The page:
Theoretically, sheer naval presence is a form of naval diplomacy that achieves multiple goals such as expressing intent, reassuring partners and deterring the enemy. The Cam Ranh Bay port is facilitating the same for Vietnam.
On 17 September, Vietnam’s Cam Ranh Bay port hosted a Japanese submarine Kuroshio for the first time in history. Though it was the first Japanese submarine visit, it was not the first Japanese vessel, and certainly not the first foreign vessel since the inauguration of the Cam Ranh International Port (CRIP) in 2016. The port has hosted several ships from various countries, including Singapore, Japan, India, China, the United States, France and Australia (see table 1). Thus, the CRIP is emerging as an important node in Vietnam’s broader foreign policy framework amid the wobbly waters of the South China Sea (SCS).
Cam Ranh Bay port straddles the vital Sea Lines of Communication in the SCS located at a distance of approximately 950 Nautical Miles (nm) from the Strait of Malacca, a strategic choke point. It is one of the best deep-water ports in the entire Indo-Pacific region conducive to dock submarines as well as huge aircraft carriers along with other naval vessels. The geographic location provides it with natural fortification against a possible attack. Additionally, it has excellent access to the resources required for an ideal port. It is no surprise, therefore, that the strategically significant Cam Ranh Bay port attracted colonisers and aggressors to Vietnam throughout history, beginning with the French. The Japanese exploited it during the Second World War, and the Americans used it during the Vietnam War. After the reunification of Vietnam, in the backdrop of the Sino-Vietnamese war in 1979, Vietnam leased the port to the erstwhile Soviet Union for twenty-five years. The lease ended in 2002.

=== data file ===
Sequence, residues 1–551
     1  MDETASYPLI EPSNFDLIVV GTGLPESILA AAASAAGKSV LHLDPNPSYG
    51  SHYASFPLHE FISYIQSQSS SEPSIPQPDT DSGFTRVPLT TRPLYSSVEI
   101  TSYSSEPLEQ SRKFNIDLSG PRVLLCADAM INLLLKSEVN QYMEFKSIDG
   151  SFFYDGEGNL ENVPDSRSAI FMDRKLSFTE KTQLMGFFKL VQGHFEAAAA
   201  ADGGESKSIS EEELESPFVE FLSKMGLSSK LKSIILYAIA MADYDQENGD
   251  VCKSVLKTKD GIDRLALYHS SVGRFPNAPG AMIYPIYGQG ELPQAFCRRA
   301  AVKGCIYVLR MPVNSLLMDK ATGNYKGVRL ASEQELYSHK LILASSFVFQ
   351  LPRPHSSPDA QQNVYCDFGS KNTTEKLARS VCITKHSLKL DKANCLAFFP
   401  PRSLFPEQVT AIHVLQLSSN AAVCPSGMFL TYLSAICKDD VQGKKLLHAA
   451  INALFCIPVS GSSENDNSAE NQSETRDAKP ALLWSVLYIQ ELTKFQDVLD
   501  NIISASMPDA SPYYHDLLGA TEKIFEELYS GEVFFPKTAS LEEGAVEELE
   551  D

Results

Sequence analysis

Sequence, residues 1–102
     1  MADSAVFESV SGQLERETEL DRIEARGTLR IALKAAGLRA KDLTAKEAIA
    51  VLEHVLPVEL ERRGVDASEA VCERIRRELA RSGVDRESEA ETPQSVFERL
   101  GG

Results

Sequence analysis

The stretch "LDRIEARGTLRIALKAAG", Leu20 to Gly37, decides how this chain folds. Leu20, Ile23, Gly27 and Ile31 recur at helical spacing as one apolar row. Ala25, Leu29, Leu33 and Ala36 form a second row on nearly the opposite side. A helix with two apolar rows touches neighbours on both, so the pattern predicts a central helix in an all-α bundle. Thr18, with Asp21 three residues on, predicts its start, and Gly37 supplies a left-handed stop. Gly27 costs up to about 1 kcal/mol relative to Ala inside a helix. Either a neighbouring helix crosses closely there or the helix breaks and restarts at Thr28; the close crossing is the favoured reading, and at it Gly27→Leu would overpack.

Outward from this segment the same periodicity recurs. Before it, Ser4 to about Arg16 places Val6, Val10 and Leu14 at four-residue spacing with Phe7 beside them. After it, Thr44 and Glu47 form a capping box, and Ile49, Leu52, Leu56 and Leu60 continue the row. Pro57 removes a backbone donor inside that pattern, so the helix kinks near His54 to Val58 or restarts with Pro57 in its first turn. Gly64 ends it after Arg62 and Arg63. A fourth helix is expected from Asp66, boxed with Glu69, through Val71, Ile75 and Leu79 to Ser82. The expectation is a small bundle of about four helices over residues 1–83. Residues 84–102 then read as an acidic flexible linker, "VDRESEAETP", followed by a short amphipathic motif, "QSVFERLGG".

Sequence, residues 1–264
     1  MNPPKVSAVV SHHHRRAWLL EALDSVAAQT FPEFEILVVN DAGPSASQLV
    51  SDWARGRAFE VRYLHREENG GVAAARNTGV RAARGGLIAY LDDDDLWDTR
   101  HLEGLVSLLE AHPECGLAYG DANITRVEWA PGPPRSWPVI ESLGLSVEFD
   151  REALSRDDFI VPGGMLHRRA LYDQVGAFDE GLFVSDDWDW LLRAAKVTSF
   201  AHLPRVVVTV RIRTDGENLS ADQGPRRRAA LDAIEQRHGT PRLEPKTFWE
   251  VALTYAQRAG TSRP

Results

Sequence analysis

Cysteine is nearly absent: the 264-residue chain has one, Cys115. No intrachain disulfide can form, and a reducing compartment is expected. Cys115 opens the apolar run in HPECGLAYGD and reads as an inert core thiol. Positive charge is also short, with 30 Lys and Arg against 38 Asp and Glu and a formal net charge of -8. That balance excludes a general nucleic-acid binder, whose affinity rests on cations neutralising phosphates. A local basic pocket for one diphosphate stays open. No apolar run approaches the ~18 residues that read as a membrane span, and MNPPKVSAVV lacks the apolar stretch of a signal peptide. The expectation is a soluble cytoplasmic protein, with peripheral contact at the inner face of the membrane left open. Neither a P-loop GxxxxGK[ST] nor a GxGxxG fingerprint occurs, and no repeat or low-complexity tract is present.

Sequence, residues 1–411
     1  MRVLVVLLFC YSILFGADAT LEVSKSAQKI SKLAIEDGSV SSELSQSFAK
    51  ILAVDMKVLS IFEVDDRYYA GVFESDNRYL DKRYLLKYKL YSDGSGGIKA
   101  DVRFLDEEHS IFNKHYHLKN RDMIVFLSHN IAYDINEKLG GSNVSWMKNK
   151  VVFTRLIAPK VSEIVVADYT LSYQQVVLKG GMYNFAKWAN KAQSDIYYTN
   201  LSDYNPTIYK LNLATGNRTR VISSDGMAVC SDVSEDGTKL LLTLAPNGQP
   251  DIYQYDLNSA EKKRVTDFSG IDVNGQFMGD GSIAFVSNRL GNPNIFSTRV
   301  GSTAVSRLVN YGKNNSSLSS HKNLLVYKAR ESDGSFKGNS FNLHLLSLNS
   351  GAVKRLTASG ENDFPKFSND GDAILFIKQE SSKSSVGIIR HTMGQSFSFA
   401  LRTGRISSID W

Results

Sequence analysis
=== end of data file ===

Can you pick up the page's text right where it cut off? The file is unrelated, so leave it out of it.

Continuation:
In 2010, on account of aggressive Chinese behaviour in the SCS, Vietnam declared its plans to modernise and refurbish the Cam Ranh Bay port to commercially exploit its value by making it available to foreign vessels for repair, refuelling and docking. The first phase of the plan came to fruition in March 2016 after which foreign ships including aircraft carriers started calling on the CRIP, with the Japanese submarine being the latest one. By opening the CRIP for “all” foreign partners, Vietnam made sure that she conformed to her stated policy of diversification in foreign relations without a rigid distinction between friends and enemies. Moreover, the Cam Ranh Bay port added a lever in Vietnam’s diplomatic arsenal to effectively deal with China in more than one way.
First, the geographic location of Cam Ranh Bay port is such that it is situated at approximately 323 nm, 431 nm and 462 nm away from Paracel Islands, Spratly Islands and Hainan island, respectively (see map 1). Moreover, its proximity to the Malacca Strait and China makes it an ideal place for smothering China in an extreme event such as war. Thus, by opening the port in a limited manner, Vietnam has subtly signalled China that it may go further to handover the port to China’s adversary if a certain red line vis-à-vis Vietnam’s territorial sovereignty is breached.
Second, if one analyses the list of countries from which naval platforms have visited the Cam Ranh Bay port so far, it is clear that except China all other countries agree to the broader principle of freedom of navigation in the open seas according to the United Nations Convention on the Law of the Sea. It means that all the guests to the Cam Ranh Bay port are on the opposite page of that of China vis-à-vis freedom of navigation. Thus, although officially Hanoi is adhering to her “three-Nos foreign policy (no alliances, no foreign military bases, and no policies that could be construed as being directed against any one state),” it is employing the soft balancing strategy against China through the Cam Ranh Bay port.